The Evenks (also spelled Ewenki or Evenki based on their endonym )
[Autonym: (); russian: Эвенки (); (); formerly known as Tungus or Tunguz; mn|Хамниган () or Aiwenji ()]
are a Tungusic people
of North Asia
. In Russia, the Evenks are recognised as one of the indigenous peoples of the Russian North
, with a population of 38,396 (2010 census
). In China, the Evenki form one of the 56 ethnic groups
officially recognised by the People's Republic of China
, with a population of 30,875 (2010 census
There are 537 Evenks in Mongolia
(2015 census) called in Mongolian language
The Evenks or Ewenki are sometimes conjectured to be connected to the Shiwei people
who inhabited the Greater Khingan
Range in the 5th to 9th centuries, although the native land of the majority of Evenki people is in the vast regions of Siberia
between Lake Baikal
and the Amur River
. The Ewenki language forms the northern branch of the Manchu-Tungusic
language group and is closely related to Even
. By 1600 the Evenks or Ewenki of the Lena and Yenisey river valleys were successful reindeer herders
. By contrast the Solons
(ancestors of the Evenkis in China) and the Khamnigans
(Ewenkis of Transbaikalia
) had picked up horse breeding and the Mongolian deel
from the Mongols
. The Solons nomadized
along the Amur River
. They were closely related to the Daur people
. To the west the Khamnigan were another group of horse-breeding Evenks in the Transbaikalia area. Also in the Amur valley a body of Siberian Evenki-speaking people were called Orochen
by the Manchu
The ancestors of the south-eastern Evenks most likely lived in the Baikal region of Southern Siberia (near the modern-day Mongolian border) since the Neolithic
Considering the north-western Evenks, Vasilevich claims: "The origin of the Evenks is the result of complex processes, different in time, involving the mixing of different ancient aboriginal tribes from the north of Siberia with tribes related in language to the Turks and Mongols. The language of these tribes took precedence over the languages of the aboriginal population". Elements of more modern Evenk culture, including conical tent dwellings, bone fish-lures, and birch-bark boats, were all present in sites that are believed to be Neolithic. From Lake Baikal, “they spread to the Amur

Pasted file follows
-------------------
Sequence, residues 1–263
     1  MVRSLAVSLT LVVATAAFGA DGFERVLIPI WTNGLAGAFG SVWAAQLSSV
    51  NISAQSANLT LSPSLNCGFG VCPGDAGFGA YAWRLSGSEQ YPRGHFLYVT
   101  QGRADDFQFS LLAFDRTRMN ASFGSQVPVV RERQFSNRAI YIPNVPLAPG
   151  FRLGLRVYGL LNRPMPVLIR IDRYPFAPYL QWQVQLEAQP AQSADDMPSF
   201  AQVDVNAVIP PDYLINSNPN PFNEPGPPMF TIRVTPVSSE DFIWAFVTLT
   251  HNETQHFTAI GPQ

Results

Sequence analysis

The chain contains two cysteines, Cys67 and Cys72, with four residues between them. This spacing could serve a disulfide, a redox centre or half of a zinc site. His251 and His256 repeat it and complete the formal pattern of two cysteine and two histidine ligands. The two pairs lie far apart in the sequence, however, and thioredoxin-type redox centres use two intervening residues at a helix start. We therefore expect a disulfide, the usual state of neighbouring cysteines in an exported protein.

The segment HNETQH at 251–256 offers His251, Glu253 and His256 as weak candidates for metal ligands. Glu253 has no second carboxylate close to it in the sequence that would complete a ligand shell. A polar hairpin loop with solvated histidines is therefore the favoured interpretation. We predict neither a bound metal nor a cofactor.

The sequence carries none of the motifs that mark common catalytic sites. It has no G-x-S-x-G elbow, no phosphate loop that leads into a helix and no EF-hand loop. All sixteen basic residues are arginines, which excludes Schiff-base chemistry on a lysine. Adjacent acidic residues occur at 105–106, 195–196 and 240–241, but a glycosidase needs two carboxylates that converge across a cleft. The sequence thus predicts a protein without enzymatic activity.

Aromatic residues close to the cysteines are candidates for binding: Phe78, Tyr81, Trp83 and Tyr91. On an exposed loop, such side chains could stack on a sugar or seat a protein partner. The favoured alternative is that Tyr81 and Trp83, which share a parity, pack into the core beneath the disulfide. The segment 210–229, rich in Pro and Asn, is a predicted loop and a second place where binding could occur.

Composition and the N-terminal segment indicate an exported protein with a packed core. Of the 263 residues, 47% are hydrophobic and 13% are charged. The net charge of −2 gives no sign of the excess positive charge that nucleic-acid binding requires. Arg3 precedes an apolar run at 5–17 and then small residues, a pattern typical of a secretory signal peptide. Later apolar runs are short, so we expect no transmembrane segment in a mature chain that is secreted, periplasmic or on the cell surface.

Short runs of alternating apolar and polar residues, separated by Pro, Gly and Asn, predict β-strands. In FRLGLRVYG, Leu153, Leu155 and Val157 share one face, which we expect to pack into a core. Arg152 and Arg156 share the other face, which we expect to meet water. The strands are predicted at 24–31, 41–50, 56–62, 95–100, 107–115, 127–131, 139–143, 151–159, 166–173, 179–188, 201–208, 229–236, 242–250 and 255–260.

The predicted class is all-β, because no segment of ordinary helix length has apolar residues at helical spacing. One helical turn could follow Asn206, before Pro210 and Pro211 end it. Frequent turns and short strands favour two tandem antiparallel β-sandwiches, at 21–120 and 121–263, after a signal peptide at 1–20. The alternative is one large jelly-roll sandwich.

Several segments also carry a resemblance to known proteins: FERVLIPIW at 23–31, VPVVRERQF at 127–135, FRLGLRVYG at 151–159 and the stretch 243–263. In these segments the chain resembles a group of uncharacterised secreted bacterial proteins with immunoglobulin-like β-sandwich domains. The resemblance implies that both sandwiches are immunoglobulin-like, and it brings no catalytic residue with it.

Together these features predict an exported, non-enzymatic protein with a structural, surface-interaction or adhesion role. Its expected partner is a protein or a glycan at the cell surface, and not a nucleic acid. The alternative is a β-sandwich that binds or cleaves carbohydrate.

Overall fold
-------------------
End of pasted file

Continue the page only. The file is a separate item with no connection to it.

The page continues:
and Okhotsk Sea
…the Lena Basin
…and the Yenisey
Contact with Russians
In the 17th century, the Russian empire
made contact with the Evenks. Cossacks
, who served as a kind of “border-guard” for the tsarist
government, imposed a fur tax on the Siberian tribes. The Cossacks exploited the Evenk clan hierarchy, taking hostages from the highest members to ensure payment of the tax. Although there was some rebellion against local officials, the Evenks generally recognized the need for peaceful cultural relations with the Russians. The Russians and their constant demands for fur taxes pushed the Evenks east all the way to Sakhalin
island, where some still live today (Cassells). In the 19th century some groups migrated south and east into Mongolia and Manchuria. Today there are still Evenk populations in Sakhalin, Mongolia, and Manchuria (Ethnologue), and to a lesser extent, their traditional Baikal region (Janhunen).
Russian invasion of the Evenks caused them (and other indigenous peoples) language erosion
, a decline in traditions, and identity loss, among others. This was especially true during the Soviet regime. Soviet policies of collectivization
, forced sedentarization (sometimes referred to as sedentism
), "unpromising villages", and Russification
of the education system compromised social, cultural, and mental well-being of the Evenks. Today, few people can speak the Evenki language
, reindeer herding is in significant decline, the suicide rate is extremely high, and alcoholism is a serious issue.
Traditionally they were a mixture of pastoralists
—they relied on their domesticated reindeer for milk
and transport and hunted other large game for meat. Today “
e Evenks are divided into two large groups…engaging in different types of economy. These are the hunting and reindeer-breeding Evenks…and the horse and cattle pastoral Evenks as well as some farming Evenks”.
The Evenks lived mostly in taiga
, or boreal forest. They lived in conical tents made from birch bark
or reindeer skin tied to birch poles. When they moved camp, the Evenks would leave these frameworks and carry only the more portable coverings. During winter, the hunting season, most camps consisted of one or two tents while spring encampments had up to 10 households
Their skill at riding their domesticated reindeer allowed the Evenks to “colonize vast areas of the eastern taiga
which had previously been impenetrable” The Evenks used a saddle unique to their culture, placed on the shoulders of the reindeer to lessen the strain on the animal, and used a stick rather than stirrups to balance. Evenks did not develop reindeer sledges until comparatively recent times They instead used their reindeer as pack animals and often traversed great distances on foot, using snowshoes or skis. The Evenki people did hunt and eat wild reindeer, but not their domesticated reindeer, which they kept for milk.
Large herds of reindeer were very uncommon. Most Evenks had around 25 head of reindeer, because they were generally bred for transportation. Unlike in several other neighboring tribes Evenk reindeer-breeding did not include “herding of reindeer by dogs nor any other specific features”. Very early in the spring season, winter camps broke up and moved to places suitable for calving. Several households pastured their animals together throughout the summer, being careful to keep “
ecial areas…fenced off…to guard the newborn calves against being trampled on in a large herd”
The Evenks wore a characteristic garb “adapted to the cold but rather dry climate of the Central Siberia